In Arizona it is widespread in the Phoenix, Tucson, Ajo, and Gila Bend areas in Maricopa and Pima counties. It is also common along the Colorado River from Lake Mead to Parker in Mohave and La Paz counties. A few plants have been found in Cochise, Gila, Pinal, Santa Cruz , and Yavapai counties. In the Mexican portion of the Sonoran Desert Region, it is only beginning to escape cultivation in Alamos, Kino Bay, and Magdalena (Sonora), near Ensenada (Baja California), and Mulegé (Baja California Sur).

Fountaingrass invading a suburban roadside. Photo: Mark Dimmitt
Habitat

Fountaingrass mostly occurs on disturbed roadsides, rocky outcrops, canyons, and cliffs from 2000 to 3500 feet in the Sonoran Desert Region in Arizona . It is most common in riparian habitats within paloverde-saguaro desertscrub in the Arizona Upland Sonoran Desert . It is less common in the Lower Colorado River Valley desertscrub down to about 985 feet, and in chaparral, desert grassland, and oak woodland up to 4800 feet. On the north side of Tucson, it replaces buffelgrass on roadsides and rocky road cuts.

It is also common in another riparian habitat on flood lines and rocky shores of reservoirs and rivers in low-elevation (400 to 1200 feet) Mohave and Sonoran desertscrub. It is common from Lake Mead to Parker along the Colorado River in some very hot, dry areas.

History

Although fountaingrass was reported in Hawaii as early as 1914, it was first collected on roadsides in Arizona in the Santa Catalina Mountains (4500 ft elevation) and in Ajo in 1940. It was used in urban landscapes in Tucson as early as 1940, and cultivated in the Soil Conservation Nursery (now National Resource Conservation Service) in 1941. It was well established in the Santa Catalina Mountains by the 1940's and the Phoenix area by 1962. Later specimens were collected in now-protected natural areas in the Tucson area including Tumamoc Hill (1968), the Arizona-Sonora Desert Museum (1966), and King Canyon (1988) in the Tucson Mountains, and Sabino Canyon (1974) in the Santa Catalina Mountains. Like buffelgrass, it has expanded dramatically in many areas since 1990.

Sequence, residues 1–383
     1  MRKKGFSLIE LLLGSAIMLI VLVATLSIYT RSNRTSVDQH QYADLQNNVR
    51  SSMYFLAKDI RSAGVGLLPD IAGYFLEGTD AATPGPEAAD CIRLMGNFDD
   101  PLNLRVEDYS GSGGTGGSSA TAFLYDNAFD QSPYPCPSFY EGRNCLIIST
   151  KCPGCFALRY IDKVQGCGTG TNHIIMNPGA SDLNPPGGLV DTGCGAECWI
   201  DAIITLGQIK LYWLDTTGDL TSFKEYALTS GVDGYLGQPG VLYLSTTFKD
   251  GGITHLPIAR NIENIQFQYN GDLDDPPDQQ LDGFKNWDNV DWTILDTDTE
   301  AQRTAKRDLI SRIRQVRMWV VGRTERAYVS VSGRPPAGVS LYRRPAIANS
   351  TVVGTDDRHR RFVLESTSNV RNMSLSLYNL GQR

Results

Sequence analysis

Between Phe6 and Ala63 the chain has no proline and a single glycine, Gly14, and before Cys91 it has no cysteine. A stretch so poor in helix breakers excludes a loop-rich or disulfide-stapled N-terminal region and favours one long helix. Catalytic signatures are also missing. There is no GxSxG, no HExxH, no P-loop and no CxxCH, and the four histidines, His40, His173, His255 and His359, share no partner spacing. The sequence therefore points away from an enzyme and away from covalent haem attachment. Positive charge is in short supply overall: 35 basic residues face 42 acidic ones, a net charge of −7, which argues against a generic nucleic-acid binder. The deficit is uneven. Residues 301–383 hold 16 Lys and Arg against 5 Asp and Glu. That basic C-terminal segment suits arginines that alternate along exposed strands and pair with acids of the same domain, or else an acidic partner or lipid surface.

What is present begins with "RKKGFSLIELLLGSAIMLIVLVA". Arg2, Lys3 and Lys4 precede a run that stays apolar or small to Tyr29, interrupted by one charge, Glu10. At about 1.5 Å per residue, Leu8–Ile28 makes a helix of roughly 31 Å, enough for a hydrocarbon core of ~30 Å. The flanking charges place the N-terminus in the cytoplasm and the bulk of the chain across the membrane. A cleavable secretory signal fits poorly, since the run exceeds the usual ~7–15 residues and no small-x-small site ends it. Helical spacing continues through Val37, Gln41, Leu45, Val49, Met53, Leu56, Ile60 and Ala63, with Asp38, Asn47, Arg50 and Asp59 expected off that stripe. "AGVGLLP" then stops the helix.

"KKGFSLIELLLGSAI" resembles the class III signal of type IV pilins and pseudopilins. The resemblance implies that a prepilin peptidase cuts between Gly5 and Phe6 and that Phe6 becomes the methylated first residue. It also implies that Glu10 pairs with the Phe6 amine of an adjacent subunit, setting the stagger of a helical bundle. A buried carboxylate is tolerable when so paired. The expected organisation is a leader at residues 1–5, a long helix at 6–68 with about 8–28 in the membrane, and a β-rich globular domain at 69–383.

What can be Done

Poorly-maintained nurseries can be sources of new invasive weeds. Fountaingrass in this nursery is in seed and can soon invade surrounding land.

Fountaingrass can be controlled by physically removing the entire plant, including the seed-bearing inflorescences. Seedlings and small plants can easily be pulled by hand. Iron digging bars or shovels will help extract larger plants. It may be necessary to return to controlled areas for several years to remove seedlings. Chemical treatments with systemic herbicides may be needed to control large infestations. Herbicides have been sprayed from boats to control fountaingrass along rocky shorelines of Colorado River reservoirs.

There are alternatives for fountaingrass in urban landscapes. Bronzeleaf fountaingrass (var. cupreum) is a genetically-modified sterile cultivar that can be planted instead of the normal plants. Native grasses that resemble fountaingrass but are not invasive include bullgrass and deergrass (Muhlenbergia rigens). Beargrass (Nolina microcarpa) and desert spoon (or sotol, Dasylirion wheeleri) are native succulents that grow in large clumps that are attractive in desert gardens and road medians.

Links

California Exotic Pest Plant Council

Pima County Exotic Species Council

National Resource Conservation Service, National Plant Data Center , USDA. 2004. The PLANTS Database, Version 3.5

Plant Conservation Alliance, Alien Plant Working Group

References

Tellman, Barbara (ed.) 2002. Invasive Exotic Species in the Sonoran Desert . University of Arizona Press.